Great response! Very well written and have a plain sailing analysis. However, you could have inserted a direct quote from the book in the first question as an evidence to support your answer. I noticed that the third question got cut off and was unable to answer the fourth question due to the word limit. Other than that, great job on the response!
Very well written response, definitely showed a great understanding of your first section and had in depth thoughts and analysis relating to the topic. Gave me a good understanding of what’s happening in your first section of reading. Only criticism would be to be better management of the volume of answers. As you got cut off by the character limit. If you could condense the volume of information you guys had it would have been more powerful and wouldn’t have gotten cut off. But other then that amazing job guys!
Very good response and the response has some good quotes but it could be helpful to have a little more organization with some question number so the reader can know what question you are answering a bit easier.
Although I have not read your book, your answers are very full, and educational. I learned alot about your book. plot, and characters. This response is both quality, and quantity. Way to dive deep into all the answers! Good job :)
1. Saul and his family are a good example of survival in Canadian literature. Saul's family had to give up their traditional ways of life and retreat to the bushes to hide from the "Zhaunagush". Even with the residential schools going on and Rachel and Benjamin being taken away, Saul and his grandmother stick to their spiritual roots and culture. Then when Saul's grandmother died, Saul was faced with the challenge of surviving on his own, which helped build his character with more charismatic and strong traits. As well as bring him closer to his culture and the creator.
2. The environment plays a important part in the first section in many ways. One of these ways is how the grandmother taught Saul and his brother to make rice from scratch. She taught them every step from picking it from the plant, to finally cooking it. Also with the rice, the brothers talked about how it hurt when the rice worms bite them. Then when they were trying to escape and had to walk through the snow in that cold harsh weather, Saul was struggling and his feet were frozen and his spirit was breaking. Without his grandmother to talk him through the pain and tell him stories of their ancestors he probably wouldn't have made it. But that struggling made him stronger as a person.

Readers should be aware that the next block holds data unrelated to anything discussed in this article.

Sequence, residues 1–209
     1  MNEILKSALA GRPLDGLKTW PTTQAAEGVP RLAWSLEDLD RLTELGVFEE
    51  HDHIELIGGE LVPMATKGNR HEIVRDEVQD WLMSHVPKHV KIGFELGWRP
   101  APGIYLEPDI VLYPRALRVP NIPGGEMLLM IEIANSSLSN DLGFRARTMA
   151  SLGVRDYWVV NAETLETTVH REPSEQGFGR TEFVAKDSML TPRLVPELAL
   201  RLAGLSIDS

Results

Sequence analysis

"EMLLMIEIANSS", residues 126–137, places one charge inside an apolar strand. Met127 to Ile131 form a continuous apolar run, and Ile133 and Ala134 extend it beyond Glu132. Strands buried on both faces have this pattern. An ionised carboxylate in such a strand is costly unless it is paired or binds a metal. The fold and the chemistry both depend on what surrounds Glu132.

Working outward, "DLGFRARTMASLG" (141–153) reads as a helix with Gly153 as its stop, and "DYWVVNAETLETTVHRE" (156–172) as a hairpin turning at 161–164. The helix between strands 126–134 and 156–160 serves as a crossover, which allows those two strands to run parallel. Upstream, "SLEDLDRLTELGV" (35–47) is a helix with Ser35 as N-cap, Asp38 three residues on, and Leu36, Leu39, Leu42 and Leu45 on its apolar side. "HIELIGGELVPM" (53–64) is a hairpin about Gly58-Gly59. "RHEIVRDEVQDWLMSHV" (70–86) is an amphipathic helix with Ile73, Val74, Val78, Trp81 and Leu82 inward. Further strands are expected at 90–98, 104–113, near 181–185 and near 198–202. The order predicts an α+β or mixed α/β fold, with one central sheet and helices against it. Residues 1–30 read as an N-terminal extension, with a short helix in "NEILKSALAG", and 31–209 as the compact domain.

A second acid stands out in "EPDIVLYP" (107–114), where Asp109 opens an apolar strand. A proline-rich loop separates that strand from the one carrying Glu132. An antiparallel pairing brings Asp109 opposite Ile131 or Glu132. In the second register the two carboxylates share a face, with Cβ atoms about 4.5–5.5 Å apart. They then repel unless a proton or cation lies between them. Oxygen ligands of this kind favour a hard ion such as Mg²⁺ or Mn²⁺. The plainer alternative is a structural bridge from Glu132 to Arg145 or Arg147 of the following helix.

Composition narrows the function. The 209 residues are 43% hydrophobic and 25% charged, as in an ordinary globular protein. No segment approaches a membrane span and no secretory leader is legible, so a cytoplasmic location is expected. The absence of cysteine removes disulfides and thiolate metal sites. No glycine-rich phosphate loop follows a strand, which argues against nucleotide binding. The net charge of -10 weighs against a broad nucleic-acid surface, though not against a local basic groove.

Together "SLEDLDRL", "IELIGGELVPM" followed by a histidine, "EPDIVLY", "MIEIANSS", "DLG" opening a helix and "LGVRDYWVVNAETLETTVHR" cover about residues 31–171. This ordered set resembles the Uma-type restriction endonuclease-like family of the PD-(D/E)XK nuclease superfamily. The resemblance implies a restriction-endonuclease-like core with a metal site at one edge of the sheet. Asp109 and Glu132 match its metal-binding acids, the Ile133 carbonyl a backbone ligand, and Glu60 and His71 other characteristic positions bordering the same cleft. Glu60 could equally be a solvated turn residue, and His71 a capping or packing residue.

3. The first person narration makes the story very connectable and emotional because we get to see into the thoughts and feelings of an eight year-old boy who just lost his whole family and got sent to residential school. The paradox aspect of the novel is how Saul is in a bad situation with the residential school and the abuse that comes with it, but through the residential school and Father Gaston Saul learns the sport of hockey, and comes to love it. An example of irony in the book is how the government believes it is doing the First Nations a favour by sending them to residential school as they are ethnocentric and believe there way is best. In realty though, residential school is one of the worst moments in Canadian history. The plot is super relatable to any Canadians as the effects of residential schools are felt today and they are a dark part of our history we are still trying to fix. Characterization comes from the stories about him that his grandmother shares and the ways of the culture. And the experiences of fleeing to help him grow strong from having to work hard and summon a lot of inner strength to be able to survive.